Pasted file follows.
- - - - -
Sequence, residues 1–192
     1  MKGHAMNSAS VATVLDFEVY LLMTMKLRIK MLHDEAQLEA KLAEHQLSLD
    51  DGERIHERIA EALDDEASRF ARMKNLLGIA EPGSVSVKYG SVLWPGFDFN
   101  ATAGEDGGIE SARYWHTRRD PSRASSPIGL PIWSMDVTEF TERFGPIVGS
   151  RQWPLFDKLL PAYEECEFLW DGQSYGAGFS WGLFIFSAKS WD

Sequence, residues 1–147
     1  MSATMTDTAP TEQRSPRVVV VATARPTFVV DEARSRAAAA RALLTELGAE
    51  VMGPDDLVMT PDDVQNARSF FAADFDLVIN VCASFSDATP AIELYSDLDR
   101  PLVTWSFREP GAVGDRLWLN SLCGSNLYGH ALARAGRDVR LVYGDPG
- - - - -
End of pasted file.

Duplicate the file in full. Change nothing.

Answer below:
Sequence, residues 1–192
     1  MKGHAMNSAS VATVLDFEVY LLMTMKLRIK MLHDEAQLEA KLAEHQLSLD
    51  DGERIHERIA EALDDEASRF ARMKNLLGIA EPGSVSVKYG SVLWPGFDFN
   101  ATAGEDGGIE SARYWHTRRD PSRASSPIGL PIWSMDVTEF TERFGPIVGS
   151  RQWPLFDKLL PAYEECEFLW DGQSYGAGFS WGLFIFSAKS WD

Sequence, residues 1–147
     1  MSATMTDTAP TEQRSPRVVV VATARPTFVV DEARSRAAAA RALLTELGAE
    51  VMGPDDLVMT PDDVQNARSF FAADFDLVIN VCASFSDATP AIELYSDLDR
   101  PLVTWSFREP GAVGDRLWLN SLCGSNLYGH ALARAGRDVR LVYGDPG